How Osteoporosis Affects Bone Density

Osteoporosis is a health issue affecting 4.74 million Australians today. It’s estimated that someone breaks a bone every 3.4 minutes due to poor bone health.

Fortunately, it doesn’t have to be this way. By taking preventative measures to keep bones healthy, Osteoporosis can be avoided. At Queensland Diagnostic Imaging in Varsity Lakes, our team of radiologists are passionate advocates for reducing the spread of this chronic and degenerative disease.

The prevention of Osteoporosis begins with awareness. Read on to discover what Osteoporosis is, how to avoid it, and where to find out your risk factors for developing it.

What is Osteoporosis?

Osteoporosis is a disease that affects the strength and structure of bones. It reduces bone mass density, making bones thinner and more brittle. It affects all bones in the body, however the ones most commonly affected include the hip, spinal vertebrae, and wrist.

Those with early signs of bone loss are classified as having a condition called Osteopenia. This condition refers to a bone mineral density that is considered lower than normal, but not low enough to be classified as Osteoporosis. Osteopenia can be managed, however if it is left to worsen, it will progress into Osteoporosis.

Those affected face a higher risk of breaking a bone in a fall, or even a forceful knock. This can greatly affect quality of life especially in the elderly, as bones can become so brittle that even a violent coughing fit can result in a fracture.

Who does Osteoporosis affect?

Osteoporosis can affect both men and women. It affects a whopping 1 in 10 Australians over 50, with 4 times as many women over 50 affected compared with men of the same age. This is believed to be due to the drop in oestrogen levels around the time of menopause. Men become more at risk in their 70s when their testosterone levels decrease.

With Queensland’s elderly population topping 100,000 and growing each year, it’s a health crisis the specialists at Queensland Diagnostic Imaging help patients combat every day in their Varsity Lakes practice.

How does Osteoporosis affect bones?

Your bones are in a constant cycle of renewal. Certain cells are tasked with breaking down bone (known as resorb), while other cells are in charge of forming new bone. This continuous process needs to remain balanced in order to maintain optimal bone health.

However, certain influences can cause your bones to resorb at a greater rate than they build.

These factors include:

  • Age – The cells in our bones start to reduce new bone formation after the age of 30.
  • Genetics – People with a family history of osteoporosis are more likely to develop the condition.
  • Hormonal changes – Lower levels of oestrogen and testosterone can influence bone density.
  • Physical health – Lack of exercise reduces stimulation to the cells which form new bone.
  • Mineral deficiencies – Calcium and Vitamin D are essential to maintaining healthy bones.

Common risk factors for developing Osteoporosis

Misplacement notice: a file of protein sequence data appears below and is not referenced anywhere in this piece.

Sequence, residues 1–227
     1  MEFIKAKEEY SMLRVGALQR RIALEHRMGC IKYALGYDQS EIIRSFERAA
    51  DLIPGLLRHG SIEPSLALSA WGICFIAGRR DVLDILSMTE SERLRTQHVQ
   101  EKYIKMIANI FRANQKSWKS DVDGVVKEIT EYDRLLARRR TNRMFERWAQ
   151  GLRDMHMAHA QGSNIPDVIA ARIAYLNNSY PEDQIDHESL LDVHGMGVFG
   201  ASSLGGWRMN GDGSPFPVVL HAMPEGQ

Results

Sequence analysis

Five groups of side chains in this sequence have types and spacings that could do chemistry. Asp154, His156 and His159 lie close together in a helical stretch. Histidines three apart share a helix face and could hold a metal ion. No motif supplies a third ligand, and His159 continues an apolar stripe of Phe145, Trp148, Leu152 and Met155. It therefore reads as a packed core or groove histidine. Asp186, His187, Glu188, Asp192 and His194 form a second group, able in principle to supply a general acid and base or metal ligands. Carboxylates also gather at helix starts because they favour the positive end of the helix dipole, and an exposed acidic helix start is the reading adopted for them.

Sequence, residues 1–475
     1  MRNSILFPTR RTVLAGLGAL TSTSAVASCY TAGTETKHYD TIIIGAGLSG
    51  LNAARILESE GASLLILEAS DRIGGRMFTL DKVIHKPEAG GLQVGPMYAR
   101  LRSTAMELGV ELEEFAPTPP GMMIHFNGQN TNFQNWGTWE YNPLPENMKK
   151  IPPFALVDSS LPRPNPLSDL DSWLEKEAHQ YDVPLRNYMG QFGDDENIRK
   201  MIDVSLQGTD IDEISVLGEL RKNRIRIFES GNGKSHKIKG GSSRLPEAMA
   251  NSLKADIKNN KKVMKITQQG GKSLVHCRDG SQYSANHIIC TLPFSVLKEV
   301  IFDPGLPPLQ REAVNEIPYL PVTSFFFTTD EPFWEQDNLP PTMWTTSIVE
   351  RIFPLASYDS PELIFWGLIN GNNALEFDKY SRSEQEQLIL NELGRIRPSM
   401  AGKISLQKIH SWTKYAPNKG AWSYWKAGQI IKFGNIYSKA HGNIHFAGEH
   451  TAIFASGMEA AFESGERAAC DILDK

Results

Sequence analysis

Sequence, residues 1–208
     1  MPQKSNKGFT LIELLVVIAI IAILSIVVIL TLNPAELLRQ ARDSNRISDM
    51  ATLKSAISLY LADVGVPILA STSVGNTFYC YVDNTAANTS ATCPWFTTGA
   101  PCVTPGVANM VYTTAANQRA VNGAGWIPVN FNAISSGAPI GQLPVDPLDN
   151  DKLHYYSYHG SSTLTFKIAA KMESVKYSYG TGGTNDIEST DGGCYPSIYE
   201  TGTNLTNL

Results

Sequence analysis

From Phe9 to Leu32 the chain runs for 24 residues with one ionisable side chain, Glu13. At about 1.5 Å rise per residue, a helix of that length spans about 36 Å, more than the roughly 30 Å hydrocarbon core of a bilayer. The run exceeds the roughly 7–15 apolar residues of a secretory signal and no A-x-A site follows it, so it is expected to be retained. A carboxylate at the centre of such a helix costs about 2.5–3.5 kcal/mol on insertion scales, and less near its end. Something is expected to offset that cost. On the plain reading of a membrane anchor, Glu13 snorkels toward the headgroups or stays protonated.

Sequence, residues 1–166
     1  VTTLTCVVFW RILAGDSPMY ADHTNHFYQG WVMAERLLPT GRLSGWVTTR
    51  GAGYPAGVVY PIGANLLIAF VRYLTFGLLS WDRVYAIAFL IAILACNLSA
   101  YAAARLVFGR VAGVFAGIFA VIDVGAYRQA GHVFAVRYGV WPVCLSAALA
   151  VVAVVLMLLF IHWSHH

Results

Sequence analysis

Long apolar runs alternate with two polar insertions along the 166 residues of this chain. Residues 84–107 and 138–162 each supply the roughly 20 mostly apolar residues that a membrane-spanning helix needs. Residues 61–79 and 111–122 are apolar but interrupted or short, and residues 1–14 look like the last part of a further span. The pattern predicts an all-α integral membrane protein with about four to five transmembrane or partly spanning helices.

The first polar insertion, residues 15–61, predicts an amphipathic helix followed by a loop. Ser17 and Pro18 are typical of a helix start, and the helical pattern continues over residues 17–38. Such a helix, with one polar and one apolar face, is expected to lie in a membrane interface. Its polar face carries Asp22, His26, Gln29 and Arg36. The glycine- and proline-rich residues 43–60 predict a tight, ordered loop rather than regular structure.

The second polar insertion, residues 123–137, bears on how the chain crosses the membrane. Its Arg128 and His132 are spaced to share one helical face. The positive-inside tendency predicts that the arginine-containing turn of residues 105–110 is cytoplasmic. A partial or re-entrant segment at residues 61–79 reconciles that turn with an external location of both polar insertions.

Although everybody experiences a reduction in bone density as they get older, certain people are more susceptible to developing Osteoporosis due to behavioural or environmental factors.

Common risk factors include:

  • Smoking.
  • Drinking excessively.
  • Living a sedentary lifestyle.
  • Taking certain medications (such as corticosteroids).
  • Certain medical conditions (such as auto-immune diseases).
  • Being excessively overweight or underweight.

Maintaining healthy bones

For many people, Osteoporosis isn’t diagnosed until they break a bone after a minor knock or fall. But prevention is better than cure – it’s never too early to start taking care of your bone health.

Here’s how:

  • Make sure you get at least 30 minutes of sunshine a day.
  • Eat a healthy diet including lots of essential nutrients.
  • Include sources of calcium in your diet.
  • Take supplements (Calcium & Vitamin D) if your diet is lacking.
  • Don’t smoke, and keep drinking to a minimum.
  • Exercise regularly – weight-bearing activities are particularly beneficial.

How is Osteoporosis diagnosed?

As Osteoporosis has no visible symptoms, it’s often not until a fracture occurs that a diagnosis is made. Naturally, it’s preferable to diagnose the condition before any such accidents occur, so those affected can take precautions to reduce their risk of injury.

A Bone Mineral Densitometry (BMD), commonly called a Bone Density Scan, is used to measure bone loss via a series of low energy x-rays. The results of these images indicate your bone density score – also known as a T-score.

Your T-score indicates the severity of bone fragility by measuring your bone density against the average number of units recommended for your age. Queensland Diagnostic Imaging offer bone density scans at Varsity Lakes on the Gold Coast, making diagnosis more available to residents of Queensland.

Recommended treatments

Treatment for Osteoporosis typically focuses on preventing fractures from occurring in the first place. Therefore, health and lifestyle improvements such as quitting smoking, increasing nutrition, and taking supplements are an important part of any prevention plan.

Certain medications such as Bisphosphonates can also be prescribed by your doctor, depending on your bone density T-score and any other relevant health factors. However, they can have side-effects, so you should talk to your doctor about which treatment plan is best for you.

Where to book your Bone Density Scan

Queensland Diagnostic Imaging offers bone density scanning at Varsity Lakes, which is just outside Robina on the Gold Coast.

To book your Bone Density test, contact us at Varsity Lakes on 07 5585 3700.

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